The PBG structure shown in Fig. 2 changes little when g is very small, namely when α and β are close enough. For example, the curves for g = 6.25 × 10-8 (α = 0 and β = 1 mrad) and those for g = 0 (α = β = 0) completely overlap in the two upper panels of Fig. 3. As we gradually increase g, however, the resulting spectra of reflection and transmission deviate more and more from those for g =0 (see the middle and lower panels with g = 5.63 × 10-7and g = 6.25 × 10-6, respectively). This implies that the double PBGs will experience more and more breakage when a periodic structure gradually evolves into a quasi-periodic one. In particular, the left narrower bandgap is found to suffer more breakage than the right wider one, which is also true if we change α but fix β (not shown). Thus we may conclude that the periodicity difference is critical for both dynamically induced PBGs and its increasing influences more the narrower bandgap restricted by the absorption peak at Δp = 3 MHz.

In the following we further demonstrate the importance of initial phases Φc and Φd of the coupling and driving fields at the sample entrance. In general we may set Φd = Φc + δ with 0 ≤ 5 < 2π. As we can see from the reflection and transmission spectra in Fig. 4, both PBGs are kept well developed when the phase difference δ is very small but becomes more and more malformed when δ is gradually increased. This situation is quite similar to that in Fig. 3 where g is increased instead. The underlying physics is that a larger δ or g will result in a stronger mutual influence between the coupling and driving fields due to the spatial separation of their nodes and antinodes. In addition, the left narrower bandgap experiences, once again more breakage than the right wider one.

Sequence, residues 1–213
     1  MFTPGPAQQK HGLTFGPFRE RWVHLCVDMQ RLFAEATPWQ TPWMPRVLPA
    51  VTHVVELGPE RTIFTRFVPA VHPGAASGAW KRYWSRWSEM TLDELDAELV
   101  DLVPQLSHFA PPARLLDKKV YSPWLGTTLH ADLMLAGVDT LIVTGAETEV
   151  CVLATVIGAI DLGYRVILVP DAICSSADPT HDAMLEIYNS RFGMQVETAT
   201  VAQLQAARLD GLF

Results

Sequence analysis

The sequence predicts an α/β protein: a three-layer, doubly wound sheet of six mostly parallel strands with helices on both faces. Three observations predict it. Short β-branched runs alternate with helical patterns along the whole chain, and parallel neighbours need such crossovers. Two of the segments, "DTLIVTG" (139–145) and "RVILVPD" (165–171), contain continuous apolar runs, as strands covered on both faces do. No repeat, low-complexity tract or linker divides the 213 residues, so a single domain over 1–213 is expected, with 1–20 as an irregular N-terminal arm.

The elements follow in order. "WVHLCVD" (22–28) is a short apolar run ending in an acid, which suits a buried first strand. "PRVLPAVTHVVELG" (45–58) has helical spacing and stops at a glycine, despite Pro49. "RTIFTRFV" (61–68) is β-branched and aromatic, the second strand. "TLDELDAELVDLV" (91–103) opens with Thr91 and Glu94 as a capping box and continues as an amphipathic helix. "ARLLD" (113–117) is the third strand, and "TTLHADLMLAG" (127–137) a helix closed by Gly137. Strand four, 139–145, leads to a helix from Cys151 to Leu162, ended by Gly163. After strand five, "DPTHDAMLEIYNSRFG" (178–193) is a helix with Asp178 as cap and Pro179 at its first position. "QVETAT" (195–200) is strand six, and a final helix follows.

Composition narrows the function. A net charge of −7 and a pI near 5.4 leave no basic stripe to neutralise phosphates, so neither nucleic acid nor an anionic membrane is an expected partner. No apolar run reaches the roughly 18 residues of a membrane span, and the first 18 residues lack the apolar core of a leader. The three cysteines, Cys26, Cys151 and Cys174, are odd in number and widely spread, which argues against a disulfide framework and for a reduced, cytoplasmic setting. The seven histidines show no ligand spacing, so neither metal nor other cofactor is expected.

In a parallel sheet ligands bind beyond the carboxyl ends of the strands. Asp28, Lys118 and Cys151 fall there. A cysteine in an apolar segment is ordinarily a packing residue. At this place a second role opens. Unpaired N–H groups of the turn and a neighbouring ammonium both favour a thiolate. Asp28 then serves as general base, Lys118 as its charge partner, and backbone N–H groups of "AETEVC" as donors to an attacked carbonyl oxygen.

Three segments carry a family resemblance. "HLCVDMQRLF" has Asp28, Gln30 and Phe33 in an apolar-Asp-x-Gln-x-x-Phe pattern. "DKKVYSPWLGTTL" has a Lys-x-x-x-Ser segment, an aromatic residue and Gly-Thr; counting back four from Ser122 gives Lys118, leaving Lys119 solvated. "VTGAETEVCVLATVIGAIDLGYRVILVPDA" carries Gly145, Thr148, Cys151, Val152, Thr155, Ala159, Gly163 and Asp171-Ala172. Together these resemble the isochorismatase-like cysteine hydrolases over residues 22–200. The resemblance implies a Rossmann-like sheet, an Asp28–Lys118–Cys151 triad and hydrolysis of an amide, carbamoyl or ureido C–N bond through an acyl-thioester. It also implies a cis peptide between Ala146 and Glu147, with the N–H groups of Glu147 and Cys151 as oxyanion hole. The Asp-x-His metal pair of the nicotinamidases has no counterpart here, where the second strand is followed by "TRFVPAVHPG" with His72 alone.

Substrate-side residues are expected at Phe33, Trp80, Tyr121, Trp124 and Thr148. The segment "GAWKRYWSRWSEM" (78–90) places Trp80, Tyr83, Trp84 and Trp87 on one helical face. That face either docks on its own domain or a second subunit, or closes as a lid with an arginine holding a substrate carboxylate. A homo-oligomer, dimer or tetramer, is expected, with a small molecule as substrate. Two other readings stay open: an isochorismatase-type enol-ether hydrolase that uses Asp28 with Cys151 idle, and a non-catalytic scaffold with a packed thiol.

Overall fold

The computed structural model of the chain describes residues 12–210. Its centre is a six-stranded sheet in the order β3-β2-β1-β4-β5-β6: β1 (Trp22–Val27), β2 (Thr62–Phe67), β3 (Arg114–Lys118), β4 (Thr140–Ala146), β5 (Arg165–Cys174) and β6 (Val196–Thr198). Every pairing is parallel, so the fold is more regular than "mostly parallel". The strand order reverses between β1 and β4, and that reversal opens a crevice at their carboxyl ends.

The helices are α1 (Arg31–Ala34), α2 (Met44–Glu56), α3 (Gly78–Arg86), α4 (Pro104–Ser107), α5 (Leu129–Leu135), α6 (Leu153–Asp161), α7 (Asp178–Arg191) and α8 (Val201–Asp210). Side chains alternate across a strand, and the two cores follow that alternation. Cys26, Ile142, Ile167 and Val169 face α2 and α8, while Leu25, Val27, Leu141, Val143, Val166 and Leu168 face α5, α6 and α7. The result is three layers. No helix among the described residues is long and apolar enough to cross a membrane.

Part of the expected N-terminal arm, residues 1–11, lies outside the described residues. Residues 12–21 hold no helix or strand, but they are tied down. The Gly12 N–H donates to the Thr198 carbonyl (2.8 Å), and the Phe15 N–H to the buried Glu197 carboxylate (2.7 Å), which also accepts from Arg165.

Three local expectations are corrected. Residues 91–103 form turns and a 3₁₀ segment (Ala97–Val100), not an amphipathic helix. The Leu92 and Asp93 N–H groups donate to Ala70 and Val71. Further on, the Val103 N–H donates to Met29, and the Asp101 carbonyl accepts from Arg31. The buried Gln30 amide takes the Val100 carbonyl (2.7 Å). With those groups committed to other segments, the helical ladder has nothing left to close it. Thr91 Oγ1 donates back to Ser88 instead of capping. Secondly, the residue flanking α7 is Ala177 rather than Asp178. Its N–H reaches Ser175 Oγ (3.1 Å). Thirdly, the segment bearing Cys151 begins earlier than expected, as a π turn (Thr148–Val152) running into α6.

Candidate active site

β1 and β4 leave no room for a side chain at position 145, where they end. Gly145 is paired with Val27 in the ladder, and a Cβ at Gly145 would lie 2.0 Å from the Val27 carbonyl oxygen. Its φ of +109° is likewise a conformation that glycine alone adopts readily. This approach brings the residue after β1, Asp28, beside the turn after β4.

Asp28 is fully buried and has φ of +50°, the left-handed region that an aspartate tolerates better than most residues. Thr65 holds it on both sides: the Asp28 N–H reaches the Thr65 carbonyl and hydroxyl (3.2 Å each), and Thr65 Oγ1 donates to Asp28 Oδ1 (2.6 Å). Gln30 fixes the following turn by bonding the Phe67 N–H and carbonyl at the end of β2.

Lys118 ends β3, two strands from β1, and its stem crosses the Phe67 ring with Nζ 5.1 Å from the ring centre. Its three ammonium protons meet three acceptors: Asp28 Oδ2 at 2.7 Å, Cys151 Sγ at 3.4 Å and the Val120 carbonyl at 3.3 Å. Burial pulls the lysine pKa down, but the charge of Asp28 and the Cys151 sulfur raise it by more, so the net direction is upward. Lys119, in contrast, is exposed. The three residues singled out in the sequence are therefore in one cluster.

Fig. 6. Probe reflection (black-solid) and transmission (red-dashed) spectra for the same atomic sample as in Fig. 2. We have set Δd = −200 MHz, Δc = 10 MHz, and δ = 0 (upper); δ = π/6 (middle); δ = π/2 (lower). Other parameters are the same as in Fig. 2.